Great American Ins. v. General Ins., 257 Or 62, 66-67, 475 P2d 415 (1970) (citations omitted). We have further explained that "[f]our factors are material in determining whether an employer has the right to control an individual: (1) direct evidence of the right to, or the exercise of, control; (2) the method of payment; (3) the furnishing of equipment; and (4) the right to fire." Oregon Country Fair v. Natl. Council on Comp. Ins., 129 Or App 73, 78, 877 P2d 1207 (1994) (citations and internal quotation marks omitted).

Here, King presented very little evidence of her purported status as an employee. Taken together, all of the evidence presented, viewed most favorably to her, cannot support a reasonable inference that defendant had the right to control her work. Cf. Chard, 148 Or App at 630 (holding that, although the question was close, the plaintiff had submitted sufficient evidence of her employment status to avoid a directed verdict). Therefore, the directed verdict on King's hostile-work-environment and constructive discharge claims was proper. Bidiman, 133 Or App at 147.

To begin with, nothing in the record directly suggests that defendant attempted to control "the manner and means" by which King accomplished the application of permanent make up. Great American Ins., 257 Or at 67; see also Oregon Country Fair, 129 Or App at 78. There is no evidence that he instructed her about how to do it, that he critiqued the results, or that he otherwise offered any advice on her work. Instead, there is both direct and indirect evidence suggesting that King was the only one who controlled those aspects of her work. Examples of that evidence include King's testimony that she determined her own work hours according to when she had appointments and that she contacted defendant about the possibility of offering her services at his salon after learning that his salon had separate rooms available. The fact that King determined her own work hours is direct evidence that she had the right to control when she performed her services. Moreover, a reasonable factfinder could conclude that King's control over her hours was necessarily incompatible with defendant's retention of the right to control them. Similarly, that King initially approached defendant rather than responding to an employment ad and that her main criterion for the salon at which she would offer her services related to its building structure are indirect evidence that she sought an independent contractor, rather than an employee, relationship. More specifically, her initiation of the relationship suggests that she expected to retain the right to control her provision of services. Moreover, the fact that her main criterion for the salon at which she would work related to building type suggests that she expected her interaction with salon employees to be limited, which suggests, in turn, that plaintiff believed that she, rather than defendant, would retain control over the provision of her services.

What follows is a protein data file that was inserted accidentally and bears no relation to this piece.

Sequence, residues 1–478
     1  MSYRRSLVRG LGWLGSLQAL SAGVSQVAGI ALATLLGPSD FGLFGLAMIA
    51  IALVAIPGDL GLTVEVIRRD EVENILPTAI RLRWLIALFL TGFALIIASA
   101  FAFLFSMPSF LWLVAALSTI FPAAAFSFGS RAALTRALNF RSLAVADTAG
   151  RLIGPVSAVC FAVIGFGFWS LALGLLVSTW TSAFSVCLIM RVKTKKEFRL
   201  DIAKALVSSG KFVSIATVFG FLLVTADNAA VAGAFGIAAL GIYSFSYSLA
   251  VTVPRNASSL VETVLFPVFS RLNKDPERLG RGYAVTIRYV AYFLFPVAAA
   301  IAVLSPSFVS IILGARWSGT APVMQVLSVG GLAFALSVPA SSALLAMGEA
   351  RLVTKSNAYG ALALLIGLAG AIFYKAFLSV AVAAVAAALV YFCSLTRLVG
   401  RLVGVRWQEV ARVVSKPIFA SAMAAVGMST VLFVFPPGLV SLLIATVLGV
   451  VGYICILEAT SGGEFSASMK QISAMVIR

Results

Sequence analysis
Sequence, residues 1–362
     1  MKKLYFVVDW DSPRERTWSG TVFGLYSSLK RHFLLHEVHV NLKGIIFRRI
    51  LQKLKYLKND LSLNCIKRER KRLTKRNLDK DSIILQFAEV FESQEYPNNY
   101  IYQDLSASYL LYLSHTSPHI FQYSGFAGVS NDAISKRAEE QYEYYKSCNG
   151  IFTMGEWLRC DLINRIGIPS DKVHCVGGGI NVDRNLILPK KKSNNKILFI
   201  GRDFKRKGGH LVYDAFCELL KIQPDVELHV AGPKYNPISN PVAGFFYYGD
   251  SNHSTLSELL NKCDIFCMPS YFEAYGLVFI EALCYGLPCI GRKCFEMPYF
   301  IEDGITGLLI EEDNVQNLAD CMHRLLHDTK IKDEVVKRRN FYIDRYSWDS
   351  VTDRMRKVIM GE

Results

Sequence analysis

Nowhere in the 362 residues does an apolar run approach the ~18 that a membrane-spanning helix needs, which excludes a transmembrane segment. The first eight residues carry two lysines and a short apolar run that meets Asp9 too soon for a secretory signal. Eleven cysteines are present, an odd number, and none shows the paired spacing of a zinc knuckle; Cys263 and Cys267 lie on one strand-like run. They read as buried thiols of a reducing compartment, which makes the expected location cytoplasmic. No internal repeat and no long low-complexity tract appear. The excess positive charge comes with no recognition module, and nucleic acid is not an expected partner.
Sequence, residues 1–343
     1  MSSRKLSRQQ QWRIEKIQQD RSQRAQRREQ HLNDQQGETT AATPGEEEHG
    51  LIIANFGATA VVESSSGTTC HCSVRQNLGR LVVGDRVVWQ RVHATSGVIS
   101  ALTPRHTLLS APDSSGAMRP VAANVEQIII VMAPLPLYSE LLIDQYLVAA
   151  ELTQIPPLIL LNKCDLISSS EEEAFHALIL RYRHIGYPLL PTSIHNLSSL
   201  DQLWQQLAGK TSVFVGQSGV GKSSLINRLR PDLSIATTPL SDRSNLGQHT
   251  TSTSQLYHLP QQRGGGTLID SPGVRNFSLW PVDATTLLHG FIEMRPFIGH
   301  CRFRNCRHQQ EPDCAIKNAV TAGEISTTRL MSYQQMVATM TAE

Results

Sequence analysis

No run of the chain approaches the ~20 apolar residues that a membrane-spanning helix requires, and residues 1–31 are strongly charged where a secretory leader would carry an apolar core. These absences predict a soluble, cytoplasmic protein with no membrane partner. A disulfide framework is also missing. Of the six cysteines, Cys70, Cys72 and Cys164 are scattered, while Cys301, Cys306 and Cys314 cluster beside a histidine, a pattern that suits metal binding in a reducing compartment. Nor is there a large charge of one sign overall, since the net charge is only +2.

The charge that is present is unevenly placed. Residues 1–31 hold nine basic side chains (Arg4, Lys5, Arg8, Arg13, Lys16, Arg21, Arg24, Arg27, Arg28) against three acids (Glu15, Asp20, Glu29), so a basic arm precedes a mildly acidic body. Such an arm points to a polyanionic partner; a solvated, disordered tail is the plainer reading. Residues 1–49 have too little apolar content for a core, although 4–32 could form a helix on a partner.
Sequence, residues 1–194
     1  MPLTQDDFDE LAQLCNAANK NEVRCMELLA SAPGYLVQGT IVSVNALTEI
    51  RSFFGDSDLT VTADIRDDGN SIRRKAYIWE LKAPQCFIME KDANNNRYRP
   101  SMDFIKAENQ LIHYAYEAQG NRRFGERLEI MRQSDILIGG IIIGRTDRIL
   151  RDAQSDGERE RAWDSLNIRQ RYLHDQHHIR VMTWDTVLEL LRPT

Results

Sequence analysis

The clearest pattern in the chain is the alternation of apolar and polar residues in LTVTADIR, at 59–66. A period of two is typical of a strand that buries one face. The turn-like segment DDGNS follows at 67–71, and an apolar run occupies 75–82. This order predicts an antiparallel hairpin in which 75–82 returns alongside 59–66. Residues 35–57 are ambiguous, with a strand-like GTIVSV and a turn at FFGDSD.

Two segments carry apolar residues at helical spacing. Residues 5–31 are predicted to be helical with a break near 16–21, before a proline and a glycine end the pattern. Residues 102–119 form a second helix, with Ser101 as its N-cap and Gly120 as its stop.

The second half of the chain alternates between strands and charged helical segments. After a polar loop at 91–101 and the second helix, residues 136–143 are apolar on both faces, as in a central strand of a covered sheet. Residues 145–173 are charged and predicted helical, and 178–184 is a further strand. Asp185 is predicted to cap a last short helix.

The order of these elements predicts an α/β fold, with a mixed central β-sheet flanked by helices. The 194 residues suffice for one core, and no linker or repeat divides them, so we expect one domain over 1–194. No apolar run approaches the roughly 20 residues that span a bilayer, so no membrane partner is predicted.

The record is silent as to whether defendant furnished or maintained the equipment needed for King's tattooing business, Oregon Country Fair, 129 Or App at 78; Chard, 148 Or App at 629-630, or whether he had the right to fire her, Oregon Country Fair, 129 Or App at 78. If defendant did furnish or maintain the equipment, his actions in that regard would support an inference that he retained control over King's use of the equipment; conversely, the lack of that evidence supports an inference that he did not retain that right. Similarly, evidence that defendant had the right to fire King could suggest that he had the right to direct the manner in which she performed her services; the lack of that evidence in this record suggests, however, that he did not.